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Ask Jennifer Beals what she’s learned playing a gay gal on “The L Word,” Showtime’s sexy melodrama about lesbian life in L.A., and she sizes up the human condition: “There are more similarities among us than differences.”
One notable example is how all manner of girls and boys will join in welcoming “The L Word” when, back for its second season 10 p.m. ET Sunday, it reunites the dishy sapphic sisters played by (among others) Mia Kirshner, Katherine Moennig, Erin Daniels and Leisha Hailey. And finds Beals’ character, Bette, in a real stew.
This season Bette will face fearsome funding problems at the art museum she runs. Worse, it looks like her relationship with Tina (Laurel Holloman), her longtime partner now pregnant with the child they had dreamed of parenting, is on the rocks.
“What a brutal year! It’s awful!” Beals chuckles. “There’s this moment in the eighth episode where Bette has one little moment of victory and joy. I burst into tears when I read it. ‘Something good happens to Bette, everyone!’ I was so excited.”
A veteran actress who at 41 appears barely older than she did as the welder/would-be ballerina in 1983’s “Flashdance,” Beals says she originally came to “The L Word” far less focused on portraying a fashion-forward lesbian than on the challenge of depicting an art museum boss.
A lesbian relationship “is about love and it’s about attraction,” she reasons. “I understood love and attraction. I didn’t know anything about art.”
A spicy recipe for successThe art of “The L Word” has been its spicy recipe of girl-on-girl explicitness blended with a hip California lifestyle anyone might fantasize about.
By design, the series is au courant. But thanks to Bette and Tina, with their ups and downs, it has scored a bit of unsought currency: Since “The L Word” premiered, gay marriage has been certified as a wedge issue splitting the nation.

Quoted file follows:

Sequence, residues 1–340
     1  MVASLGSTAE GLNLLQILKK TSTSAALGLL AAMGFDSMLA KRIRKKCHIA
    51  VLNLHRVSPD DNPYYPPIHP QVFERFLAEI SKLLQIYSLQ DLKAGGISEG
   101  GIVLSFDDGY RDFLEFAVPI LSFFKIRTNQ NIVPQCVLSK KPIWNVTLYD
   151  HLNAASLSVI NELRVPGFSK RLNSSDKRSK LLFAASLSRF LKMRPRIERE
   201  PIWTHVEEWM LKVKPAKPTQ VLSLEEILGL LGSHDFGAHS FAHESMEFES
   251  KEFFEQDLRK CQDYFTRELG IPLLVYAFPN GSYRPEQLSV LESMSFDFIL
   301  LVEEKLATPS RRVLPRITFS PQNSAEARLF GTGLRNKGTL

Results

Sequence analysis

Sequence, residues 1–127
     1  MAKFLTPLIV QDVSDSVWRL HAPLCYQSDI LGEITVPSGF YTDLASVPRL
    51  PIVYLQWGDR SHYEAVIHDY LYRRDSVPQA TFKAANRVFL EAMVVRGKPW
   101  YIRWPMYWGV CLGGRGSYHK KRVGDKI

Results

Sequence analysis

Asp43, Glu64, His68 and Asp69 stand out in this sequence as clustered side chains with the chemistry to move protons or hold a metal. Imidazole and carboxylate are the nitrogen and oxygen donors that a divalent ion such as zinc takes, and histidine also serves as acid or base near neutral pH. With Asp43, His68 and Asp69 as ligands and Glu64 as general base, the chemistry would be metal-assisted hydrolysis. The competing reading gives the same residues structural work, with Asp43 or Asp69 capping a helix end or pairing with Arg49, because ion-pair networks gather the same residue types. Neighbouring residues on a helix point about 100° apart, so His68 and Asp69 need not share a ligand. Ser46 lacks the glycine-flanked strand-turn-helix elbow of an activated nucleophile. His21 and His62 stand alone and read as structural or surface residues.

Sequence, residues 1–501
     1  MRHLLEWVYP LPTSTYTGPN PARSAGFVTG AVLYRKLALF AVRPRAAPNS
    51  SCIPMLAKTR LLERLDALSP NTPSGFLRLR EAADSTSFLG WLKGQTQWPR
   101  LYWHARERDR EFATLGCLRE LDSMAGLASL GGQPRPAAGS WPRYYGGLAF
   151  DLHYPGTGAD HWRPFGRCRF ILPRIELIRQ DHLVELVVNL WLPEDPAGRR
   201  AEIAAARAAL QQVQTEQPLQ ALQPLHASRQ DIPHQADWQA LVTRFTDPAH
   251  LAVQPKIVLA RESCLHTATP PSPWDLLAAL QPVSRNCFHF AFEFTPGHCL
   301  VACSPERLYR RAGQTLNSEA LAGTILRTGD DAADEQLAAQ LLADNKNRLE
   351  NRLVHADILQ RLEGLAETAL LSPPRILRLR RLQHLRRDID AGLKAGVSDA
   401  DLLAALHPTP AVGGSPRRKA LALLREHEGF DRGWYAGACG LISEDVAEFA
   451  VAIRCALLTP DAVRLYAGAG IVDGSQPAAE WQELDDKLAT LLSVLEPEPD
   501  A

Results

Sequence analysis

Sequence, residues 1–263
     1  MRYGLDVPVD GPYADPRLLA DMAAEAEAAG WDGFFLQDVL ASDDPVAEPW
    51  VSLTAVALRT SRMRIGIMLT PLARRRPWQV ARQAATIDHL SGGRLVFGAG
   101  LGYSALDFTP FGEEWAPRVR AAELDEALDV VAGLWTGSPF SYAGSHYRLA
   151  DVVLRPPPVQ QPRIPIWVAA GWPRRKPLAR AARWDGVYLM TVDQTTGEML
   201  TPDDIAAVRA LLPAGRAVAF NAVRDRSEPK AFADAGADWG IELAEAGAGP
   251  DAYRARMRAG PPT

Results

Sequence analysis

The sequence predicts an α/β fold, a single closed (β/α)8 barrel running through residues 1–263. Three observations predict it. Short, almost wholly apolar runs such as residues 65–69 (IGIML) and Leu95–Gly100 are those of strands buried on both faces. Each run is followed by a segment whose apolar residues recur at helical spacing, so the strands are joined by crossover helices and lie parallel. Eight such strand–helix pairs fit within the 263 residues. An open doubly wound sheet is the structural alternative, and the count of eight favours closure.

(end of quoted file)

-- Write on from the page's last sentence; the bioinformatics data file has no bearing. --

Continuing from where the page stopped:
“I’m always shocked that gay marriage is such a big deal,” says Beals over coffee in a Lower East Side patisserie she loves visiting when she’s in town. “You have to realize how precious human life is, when there are tsunamis and mudslides, when there are armies and terrorists — at any moment, you could be gone, and potentially in the most brutal fashion.
“And then you have to realize that love is truly one of the most extraordinary things you can experience in your life. To begrudge someone else their love of another person because of gender seems to me absolutely absurd.
“It’s based in fear, fear of the other, fear of what is not like you,” she says. “But when you are able to see lives on a day-to-day basis, rather than reducing it to politics, then it humanizes a whole community of people that were otherwise invisible. I think pop culture is really helpful in letting people see another side of life.”
One side of life she had a personal stake in displaying: “I requested that we make Bette biracial,” says Beals, herself of mixed-race parentage.
This gave the series another useful twist, allowing Kit, a straight friend played by Pam Grier (“Foxy Brown”), to become Bette’s half-sister. “A biracial character is something I would have liked to have seen on TV when I was a child.”
A long way from ‘Flashdance’Since she took a break from Yale to make off-the-shoulder sweat shirts de rigueur in “Flashdance,” Beals has logged dozens of films. Among those for which she feels special pride: “Devil in a Blue Dress,” “Roger Dodger,” “Twilight of the Golds” (a 1996 Showtime movie) and “In the Soup,” an independent feature released in 1992. Also “Flashdance,” which she made, then — refusing to bank on its spectacular success — followed up by heading back to Yale.
“I never wanted to be a superstar,” says Beals, flinching. “My heart just did an ‘uhhhhhhhhhh’ at the thought of it.” No wonder. This is a private person who identifies her husband only as Ken, and loves describing the Philosophy of Sanskrit class she’s currently enrolled in, but declines to say where.
Hers is a career she’s happy with, she says, “and I hope I’ll be acting till the day I die. It’s something you can never finish, never get to the center of.”
Happily, she isn’t finished with “The L Word”: It’s already renewed for a third season, which means the series’ sisterhood will reconvene in Vancouver, where it’s shot, in a few months.
Then Beals can again rely on one more thing she’s learned playing a lesbian: That in their shared state of undress, actresses will protect each other from the camera’s prying eye.
“You can say, ‘I don’t feel so great about this part of my body today. When we roll over, can you make sure your hand is covering that cellulite?’ And you can have her augment things: I’ve had scenes where I went, ‘Can you just lift it up, so I look a little bit more ripened?’
“Every guy I’ve ever done a love scene with has forgotten. But women understand what you mean, they understand how important it is,” says Beals, smiling at this case of sisters doing it for themselves: “I’ll cover yours if you cover mine.”